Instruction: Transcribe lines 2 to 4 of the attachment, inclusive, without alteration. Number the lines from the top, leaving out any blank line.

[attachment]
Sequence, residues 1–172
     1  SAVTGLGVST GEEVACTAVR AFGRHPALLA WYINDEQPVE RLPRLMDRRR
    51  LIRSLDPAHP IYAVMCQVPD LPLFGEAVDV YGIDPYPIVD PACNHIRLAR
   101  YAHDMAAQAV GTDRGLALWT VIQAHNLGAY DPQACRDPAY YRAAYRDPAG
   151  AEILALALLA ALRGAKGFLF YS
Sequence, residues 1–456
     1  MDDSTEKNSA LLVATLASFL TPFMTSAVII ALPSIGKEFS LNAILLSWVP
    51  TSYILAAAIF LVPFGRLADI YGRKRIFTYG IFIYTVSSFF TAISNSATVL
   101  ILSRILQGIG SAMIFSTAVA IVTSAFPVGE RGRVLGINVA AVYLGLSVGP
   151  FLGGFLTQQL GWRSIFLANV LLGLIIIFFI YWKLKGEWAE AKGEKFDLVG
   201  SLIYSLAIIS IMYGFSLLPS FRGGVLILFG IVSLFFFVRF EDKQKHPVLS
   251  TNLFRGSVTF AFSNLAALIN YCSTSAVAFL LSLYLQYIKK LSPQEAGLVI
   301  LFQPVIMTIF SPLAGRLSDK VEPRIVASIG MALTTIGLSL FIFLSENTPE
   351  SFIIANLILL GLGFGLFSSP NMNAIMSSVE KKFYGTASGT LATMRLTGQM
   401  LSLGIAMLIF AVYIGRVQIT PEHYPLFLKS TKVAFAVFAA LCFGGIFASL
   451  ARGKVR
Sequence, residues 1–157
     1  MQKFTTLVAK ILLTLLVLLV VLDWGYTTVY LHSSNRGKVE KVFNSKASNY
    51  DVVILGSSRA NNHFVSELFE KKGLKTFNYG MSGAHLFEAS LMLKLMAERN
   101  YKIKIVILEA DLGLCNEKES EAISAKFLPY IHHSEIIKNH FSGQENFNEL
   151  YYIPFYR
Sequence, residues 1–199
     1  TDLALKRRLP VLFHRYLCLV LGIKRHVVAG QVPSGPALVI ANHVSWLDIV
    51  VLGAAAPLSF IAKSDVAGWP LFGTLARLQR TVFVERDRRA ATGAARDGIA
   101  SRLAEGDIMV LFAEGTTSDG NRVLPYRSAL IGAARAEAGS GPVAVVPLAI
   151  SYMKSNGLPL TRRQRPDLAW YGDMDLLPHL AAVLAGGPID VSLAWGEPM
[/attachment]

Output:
     1  SAVTGLGVST GEEVACTAVR AFGRHPALLA WYINDEQPVE RLPRLMDRRR
    51  LIRSLDPAHP IYAVMCQVPD LPLFGEAVDV YGIDPYPIVD PACNHIRLAR
   101  YAHDMAAQAV GTDRGLALWT VIQAHNLGAY DPQACRDPAY YRAAYRDPAG